“If I had asked people what they wanted, they would have said faster horses.” —Henry Ford
Technology predictions are hard to nail. But when it comes to the future of work, we’re pretty comfortable looking into the crystal ball.
On one hand, we’re in the midst of a digital revolution in which technology is advancing at exponential speed. Artificial intelligence is gaining in adoption. We’ve gone from room-size computers to devices that fit in our hands, from hard-bound encyclopedias to Wikipedia.com, from stick shifts to self-driving cars in just a few decades.
On the other hand, some patterns are cyclical and predictable, the ebb and flow revolving around enduring business drivers rather than rapidly-changing technology. Are intelligent agents really new? Business leaders will always want efficiency, quality and profitability. At times these priorities have come at the cost of the customer experience, and at times the customer experience has driven how these goals are met.
The digital revolution has had a major impact on the human and digital workforce, today’s workforce. We’ve gone from a pre-internet local labor pool to a global and/or outsourced workforce to where we are today: A workforce made up of humans and technology working side by side, all over the globe, to amplify each other’s strengths and value, in order to drive business priorities.
Robotic process automation is a key component of the digital revolution, driving much of the long-tail process automations that were previously impossible to achieve. Let’s get out that crystal ball and take a closer look at RPA’s rapid evolution, from where it’s been to where it’s going.
RPA’s Early Beginnings
Robotic process automation evolved into its current state from two basic pathways.
A solution for Business Process Outsourcers (BPO) to continue to deliver annual savings. BPOs reduce expenses by outsourcing lower-level manual tasks and processes to cheaper labor from lower-cost places around the globe, but they needed a way to continue to deliver annual cost savings to their customers when cheaper labor sources were tapped out. In an effort to continue to reduce costs, BPOs were among the first to adopt RPA and drive demand for the technology.
A solution for web data extraction and integration. Twenty years ago, Kofax RPA™ was created to automate the collection of information from complex and dynamic content across the web—some would call this screen scraping. Soon companies—for example in transportation and logistics, an industry with multiple customer, supplier and internal systems—began using RPA to string together multiple data extraction and integration tasks from disconnected systems into an automated process.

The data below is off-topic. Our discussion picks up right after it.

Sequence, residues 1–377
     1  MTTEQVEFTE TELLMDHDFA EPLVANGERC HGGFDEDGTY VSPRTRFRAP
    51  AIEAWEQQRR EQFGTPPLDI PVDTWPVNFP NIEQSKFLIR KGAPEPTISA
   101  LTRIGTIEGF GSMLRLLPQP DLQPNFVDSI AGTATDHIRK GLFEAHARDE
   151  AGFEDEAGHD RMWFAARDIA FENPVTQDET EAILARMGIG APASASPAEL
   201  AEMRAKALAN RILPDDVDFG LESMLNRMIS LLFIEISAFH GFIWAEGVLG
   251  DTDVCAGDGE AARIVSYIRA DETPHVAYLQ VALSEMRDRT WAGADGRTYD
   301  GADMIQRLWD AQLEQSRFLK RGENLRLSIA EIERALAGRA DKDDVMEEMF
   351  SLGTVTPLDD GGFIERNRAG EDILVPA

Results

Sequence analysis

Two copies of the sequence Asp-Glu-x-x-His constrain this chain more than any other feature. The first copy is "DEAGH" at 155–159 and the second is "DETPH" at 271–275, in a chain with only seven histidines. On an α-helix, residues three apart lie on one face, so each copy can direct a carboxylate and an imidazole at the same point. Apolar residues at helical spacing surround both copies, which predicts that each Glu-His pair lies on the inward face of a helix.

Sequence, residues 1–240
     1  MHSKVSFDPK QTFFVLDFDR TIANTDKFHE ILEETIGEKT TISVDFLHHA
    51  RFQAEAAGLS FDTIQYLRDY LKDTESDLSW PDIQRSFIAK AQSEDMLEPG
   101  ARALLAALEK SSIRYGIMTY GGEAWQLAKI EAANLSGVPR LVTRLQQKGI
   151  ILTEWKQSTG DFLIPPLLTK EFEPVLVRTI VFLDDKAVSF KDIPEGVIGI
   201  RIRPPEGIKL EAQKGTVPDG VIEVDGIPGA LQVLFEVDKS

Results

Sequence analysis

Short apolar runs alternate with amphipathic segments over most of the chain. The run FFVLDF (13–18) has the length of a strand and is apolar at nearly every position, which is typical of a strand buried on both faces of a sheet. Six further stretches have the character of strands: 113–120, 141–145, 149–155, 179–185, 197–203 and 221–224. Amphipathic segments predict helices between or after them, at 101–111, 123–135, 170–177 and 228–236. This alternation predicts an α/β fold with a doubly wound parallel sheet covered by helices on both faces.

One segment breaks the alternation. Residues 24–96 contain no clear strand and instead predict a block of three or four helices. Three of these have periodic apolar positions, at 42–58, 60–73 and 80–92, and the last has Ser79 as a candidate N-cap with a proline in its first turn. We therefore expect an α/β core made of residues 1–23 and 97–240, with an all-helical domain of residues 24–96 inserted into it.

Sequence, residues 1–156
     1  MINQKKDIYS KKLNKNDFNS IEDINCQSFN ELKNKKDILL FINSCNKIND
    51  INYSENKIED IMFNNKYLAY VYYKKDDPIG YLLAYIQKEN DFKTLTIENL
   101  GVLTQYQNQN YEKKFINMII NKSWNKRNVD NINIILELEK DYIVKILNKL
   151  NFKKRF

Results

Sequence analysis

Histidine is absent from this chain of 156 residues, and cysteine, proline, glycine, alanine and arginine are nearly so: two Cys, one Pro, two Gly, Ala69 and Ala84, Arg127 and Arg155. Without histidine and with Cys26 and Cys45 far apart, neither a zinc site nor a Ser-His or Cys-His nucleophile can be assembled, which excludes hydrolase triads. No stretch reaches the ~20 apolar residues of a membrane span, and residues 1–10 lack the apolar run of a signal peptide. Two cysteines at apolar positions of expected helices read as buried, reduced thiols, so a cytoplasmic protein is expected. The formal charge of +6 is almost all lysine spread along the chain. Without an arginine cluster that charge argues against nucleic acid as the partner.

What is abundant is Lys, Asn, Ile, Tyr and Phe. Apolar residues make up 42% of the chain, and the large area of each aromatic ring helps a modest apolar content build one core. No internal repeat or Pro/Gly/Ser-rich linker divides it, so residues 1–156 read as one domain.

The State of the RPA Market Today
From its diverse beginnings, RPA continues its trajectories of growth and innovation. One research firm calls RPA’s market adoption “meteoric,” predicting a compound annual growth rate of more than 28 percent by 2026 to $1.4 billion. Forrester believes more than 4 million robots will be in production by 2021.
But we know that market share doesn’t necessarily translate to innovation. Yahoo!, MySpace and BlackBerry are perfect examples. The key to RPA innovation lies in both responding to and anticipating future customer needs. In the Q2 2018 Forrester Wave™ on Robotic Process Automation, author Craig Le Clair notes, “RPA has followed the pattern of many software markets: Needed features rise to the top…and enterprises push vendors toward a set of “must have” capabilities.” Yet, as Henry Ford pointed out, customers don’t always know what they want. It’s incumbent upon RPA vendors to drive innovation by anticipating future customer needs before customers can themselves.
Here’s what we’re seeing in the RPA landscape in 2018.
RPA has landed and is here to stay, but it’s still in an early stage. We used to call RPA an “emerging technology” simply because there was more interest than adoption. It is still emerging today; however, we can definitively say that RPA is driving an automation renaissance in organizations all over the globe.
RPA’s appeal is simple: Several years ago, everyone was implementing Business Process Management (BPM) systems, which took 3-5 years to generate ROI. RPA is the automation equivalent of a surgeon’s scalpel. You can be very specific (i.e. surgical) in solving problems that don’t require approval from many departments, across the organization, which can drag down speed and payback period and ultimately success. A focused robot can be up and running in weeks, delivering a quick win and quick ROI. Combined with incredible potential for scalable automation and business improvement, it’s easy to see why RPA is the golden child of the automation era.
That’s not to say RPA replaces BPM; in fact, they’re highly complementary technologies. Which brings us to….
RPA is best at automating repetitive manual tasks. RPA’s core value lies in its ability to automate the repetitive manual tasks of accessing, aggregating, updating, analyzing and processing data across systems, which is currently performed by millions of human workers. Much of this work happens outside of legacy systems and BPM tools, in the gaps between systems and portals and websites.